Exploring women’s preferences for birth companionship in Kenya

Encouraging women to give birth in health facilities has been a major focus of international efforts to reduce maternal mortality. The number of women giving birth in health facilities has increased over the last decade, but more work needs to be done to prioritize equity, dignity and quality of care. Women’s experiences during childbirth are an important factor in whether they use maternal healthcare services.

The World Health Organization recommends that every woman be offered the option to experience labor and delivery with the companion of her choice. A new study from the Bixby Center, UCSF Institute for Global Health Studies and the Kenya Medical Research Institute is the first study to explore how companionship during birth is practiced in Kenya and how patients and providers perceive it.

Researchers found that most women wanted to have a companion with them during labor, but fewer wanted someone there during delivery. Women who were allowed a companion during a previous birth were more likely to want one in the future. The most common reasons women cited for wanting a companion were to have someone to attend to their needs and help them make decisions. Women who didn’t want a companion there cited embarrassment, fear that the person would gossip about them, and fear that they might abuse the person or vice-versa. Many preferred a female companion to their male partner because of fears that seeing the delivery would affect the partner’s sexual desire or due to cultural beliefs that the presence of the man would prolong the birth.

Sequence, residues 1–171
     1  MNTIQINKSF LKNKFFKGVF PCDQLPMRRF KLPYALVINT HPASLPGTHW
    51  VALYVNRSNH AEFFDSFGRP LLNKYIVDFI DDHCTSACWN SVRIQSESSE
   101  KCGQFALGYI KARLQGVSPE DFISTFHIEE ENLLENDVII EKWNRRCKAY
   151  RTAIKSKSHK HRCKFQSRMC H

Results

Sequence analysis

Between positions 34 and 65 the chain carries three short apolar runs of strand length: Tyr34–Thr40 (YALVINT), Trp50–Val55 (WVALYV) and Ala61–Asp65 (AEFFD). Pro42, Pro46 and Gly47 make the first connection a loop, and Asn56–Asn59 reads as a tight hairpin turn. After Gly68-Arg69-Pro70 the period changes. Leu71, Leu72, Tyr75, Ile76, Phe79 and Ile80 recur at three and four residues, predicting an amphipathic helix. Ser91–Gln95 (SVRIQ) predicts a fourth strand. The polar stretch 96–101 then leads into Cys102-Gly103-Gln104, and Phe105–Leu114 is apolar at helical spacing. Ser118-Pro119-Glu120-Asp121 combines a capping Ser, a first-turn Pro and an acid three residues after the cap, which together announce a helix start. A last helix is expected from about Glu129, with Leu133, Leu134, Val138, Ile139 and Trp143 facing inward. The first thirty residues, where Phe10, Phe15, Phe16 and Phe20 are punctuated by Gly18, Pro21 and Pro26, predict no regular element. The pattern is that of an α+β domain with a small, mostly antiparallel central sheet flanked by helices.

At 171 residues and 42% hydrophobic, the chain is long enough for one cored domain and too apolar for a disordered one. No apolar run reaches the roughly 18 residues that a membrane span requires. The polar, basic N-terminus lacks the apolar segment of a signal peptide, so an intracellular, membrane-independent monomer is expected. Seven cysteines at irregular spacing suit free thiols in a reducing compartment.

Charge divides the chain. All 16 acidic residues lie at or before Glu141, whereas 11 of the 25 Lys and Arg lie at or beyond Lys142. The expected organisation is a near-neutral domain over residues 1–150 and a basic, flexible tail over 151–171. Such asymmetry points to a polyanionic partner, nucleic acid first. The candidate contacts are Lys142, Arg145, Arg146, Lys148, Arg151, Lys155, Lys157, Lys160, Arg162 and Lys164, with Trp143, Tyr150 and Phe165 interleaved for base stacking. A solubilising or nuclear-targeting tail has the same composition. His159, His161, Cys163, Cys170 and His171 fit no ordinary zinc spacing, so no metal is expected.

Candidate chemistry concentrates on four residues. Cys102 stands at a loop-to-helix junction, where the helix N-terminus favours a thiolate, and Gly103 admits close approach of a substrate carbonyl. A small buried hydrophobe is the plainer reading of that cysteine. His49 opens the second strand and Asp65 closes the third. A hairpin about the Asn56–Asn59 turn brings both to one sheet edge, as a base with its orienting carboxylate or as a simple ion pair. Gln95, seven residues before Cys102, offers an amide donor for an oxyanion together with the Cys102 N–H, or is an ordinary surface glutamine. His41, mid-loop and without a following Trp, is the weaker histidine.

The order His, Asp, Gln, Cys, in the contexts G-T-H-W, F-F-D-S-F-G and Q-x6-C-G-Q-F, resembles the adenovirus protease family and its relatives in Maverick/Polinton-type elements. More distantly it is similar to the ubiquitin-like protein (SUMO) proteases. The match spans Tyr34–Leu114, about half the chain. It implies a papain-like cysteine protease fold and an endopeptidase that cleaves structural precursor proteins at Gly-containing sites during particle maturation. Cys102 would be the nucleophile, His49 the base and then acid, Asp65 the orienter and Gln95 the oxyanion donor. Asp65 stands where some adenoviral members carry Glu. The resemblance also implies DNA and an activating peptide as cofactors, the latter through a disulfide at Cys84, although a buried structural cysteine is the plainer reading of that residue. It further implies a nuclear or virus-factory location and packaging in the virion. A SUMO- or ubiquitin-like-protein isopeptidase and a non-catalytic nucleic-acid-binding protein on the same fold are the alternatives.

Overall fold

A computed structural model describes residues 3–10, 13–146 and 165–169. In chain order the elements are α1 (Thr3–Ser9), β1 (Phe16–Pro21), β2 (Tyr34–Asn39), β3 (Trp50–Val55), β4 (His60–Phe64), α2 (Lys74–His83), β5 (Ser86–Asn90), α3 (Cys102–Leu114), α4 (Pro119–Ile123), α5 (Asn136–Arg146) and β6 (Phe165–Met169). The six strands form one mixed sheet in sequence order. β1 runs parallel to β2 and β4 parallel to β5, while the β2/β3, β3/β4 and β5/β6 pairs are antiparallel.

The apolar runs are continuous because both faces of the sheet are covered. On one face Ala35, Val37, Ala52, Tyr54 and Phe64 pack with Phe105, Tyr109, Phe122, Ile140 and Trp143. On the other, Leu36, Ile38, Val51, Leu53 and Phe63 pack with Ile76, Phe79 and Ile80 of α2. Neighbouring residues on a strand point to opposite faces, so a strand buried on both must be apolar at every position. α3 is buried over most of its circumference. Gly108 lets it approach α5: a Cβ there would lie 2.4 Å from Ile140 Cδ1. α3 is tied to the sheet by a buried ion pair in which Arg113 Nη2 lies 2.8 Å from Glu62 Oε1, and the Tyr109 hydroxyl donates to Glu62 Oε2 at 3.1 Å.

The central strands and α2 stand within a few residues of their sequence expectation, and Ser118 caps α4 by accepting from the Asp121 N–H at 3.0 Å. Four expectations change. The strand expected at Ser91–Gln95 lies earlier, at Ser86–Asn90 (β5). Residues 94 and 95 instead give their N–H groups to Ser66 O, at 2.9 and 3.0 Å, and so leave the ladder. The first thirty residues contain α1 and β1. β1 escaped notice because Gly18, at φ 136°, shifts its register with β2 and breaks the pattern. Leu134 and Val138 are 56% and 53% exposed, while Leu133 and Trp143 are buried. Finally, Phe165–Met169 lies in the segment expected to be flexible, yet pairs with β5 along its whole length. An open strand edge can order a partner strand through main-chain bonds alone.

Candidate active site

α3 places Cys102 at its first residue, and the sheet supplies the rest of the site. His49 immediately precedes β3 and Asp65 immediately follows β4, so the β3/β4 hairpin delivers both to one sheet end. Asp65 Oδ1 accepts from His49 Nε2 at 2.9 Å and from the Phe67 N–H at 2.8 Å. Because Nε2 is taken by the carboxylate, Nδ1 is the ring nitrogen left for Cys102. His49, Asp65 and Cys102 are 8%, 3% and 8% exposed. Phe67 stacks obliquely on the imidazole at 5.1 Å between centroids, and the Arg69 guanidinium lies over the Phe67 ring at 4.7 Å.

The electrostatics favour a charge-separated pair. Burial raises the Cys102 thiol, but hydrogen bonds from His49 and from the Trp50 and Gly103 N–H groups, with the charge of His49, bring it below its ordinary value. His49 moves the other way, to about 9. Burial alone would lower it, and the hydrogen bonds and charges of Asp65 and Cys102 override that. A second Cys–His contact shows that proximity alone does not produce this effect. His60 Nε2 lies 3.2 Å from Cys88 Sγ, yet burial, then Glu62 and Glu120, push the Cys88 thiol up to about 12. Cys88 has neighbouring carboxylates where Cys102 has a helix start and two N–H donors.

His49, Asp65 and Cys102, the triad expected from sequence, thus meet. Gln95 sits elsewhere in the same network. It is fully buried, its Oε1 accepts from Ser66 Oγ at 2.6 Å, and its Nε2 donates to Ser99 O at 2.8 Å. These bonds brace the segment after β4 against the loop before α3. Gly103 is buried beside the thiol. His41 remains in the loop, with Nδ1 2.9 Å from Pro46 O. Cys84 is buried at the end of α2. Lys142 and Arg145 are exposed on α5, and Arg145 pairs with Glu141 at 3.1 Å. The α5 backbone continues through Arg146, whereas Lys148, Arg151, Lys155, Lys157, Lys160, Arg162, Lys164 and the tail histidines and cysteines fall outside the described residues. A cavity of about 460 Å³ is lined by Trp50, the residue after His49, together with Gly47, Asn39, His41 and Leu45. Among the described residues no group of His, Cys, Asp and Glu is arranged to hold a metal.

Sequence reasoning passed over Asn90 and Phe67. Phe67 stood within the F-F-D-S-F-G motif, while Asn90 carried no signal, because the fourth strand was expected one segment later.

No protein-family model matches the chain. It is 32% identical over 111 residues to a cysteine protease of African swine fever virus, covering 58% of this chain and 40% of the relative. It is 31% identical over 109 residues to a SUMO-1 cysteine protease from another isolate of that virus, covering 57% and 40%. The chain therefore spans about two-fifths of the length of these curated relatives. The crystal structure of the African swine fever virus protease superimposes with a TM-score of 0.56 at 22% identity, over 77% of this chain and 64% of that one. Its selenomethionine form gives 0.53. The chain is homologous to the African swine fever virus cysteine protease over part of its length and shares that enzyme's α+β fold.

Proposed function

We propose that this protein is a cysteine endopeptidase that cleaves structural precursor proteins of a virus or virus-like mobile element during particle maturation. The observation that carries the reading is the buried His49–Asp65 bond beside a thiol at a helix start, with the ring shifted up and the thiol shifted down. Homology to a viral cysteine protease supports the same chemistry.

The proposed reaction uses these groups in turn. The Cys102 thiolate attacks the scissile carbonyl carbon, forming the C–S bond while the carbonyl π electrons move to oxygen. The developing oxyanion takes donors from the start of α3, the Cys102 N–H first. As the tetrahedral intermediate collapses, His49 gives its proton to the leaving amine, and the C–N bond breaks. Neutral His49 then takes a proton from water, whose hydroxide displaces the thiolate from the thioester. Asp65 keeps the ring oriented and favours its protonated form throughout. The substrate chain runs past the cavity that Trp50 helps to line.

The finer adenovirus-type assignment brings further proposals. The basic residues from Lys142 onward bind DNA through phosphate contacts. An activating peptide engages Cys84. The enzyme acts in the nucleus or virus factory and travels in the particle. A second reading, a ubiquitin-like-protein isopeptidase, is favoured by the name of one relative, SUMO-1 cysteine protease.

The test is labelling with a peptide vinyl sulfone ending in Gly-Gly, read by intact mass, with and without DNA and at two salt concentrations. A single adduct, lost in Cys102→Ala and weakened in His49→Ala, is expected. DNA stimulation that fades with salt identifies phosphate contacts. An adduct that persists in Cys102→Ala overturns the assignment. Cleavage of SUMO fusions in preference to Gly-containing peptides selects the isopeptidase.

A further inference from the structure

Most providers reported that women were usually allowed a companion during labor, while fewer were allowed during delivery. They generally had the same reasons for allowing companions as the women mentioned, though they also noted that birthing companions could be helpful to providers in understaffed facilities.

Not all women were allowed a companion in labor or delivery. Younger, wealthier, employed, college-educated and literate women were more likely to be allowed continuous support. Women were less likely to be allowed a companion if they had a birthing complication or if 2 or more skilled providers were present.

The research suggests that there are different needs for different phases of delivery, and also for different types of birthing companions. It’s essential to understand and respect women’s varied preferences and desires while considering interventions with women, companions, and providers, as well as structural and health system interventions, to promote continuous support during labor and delivery.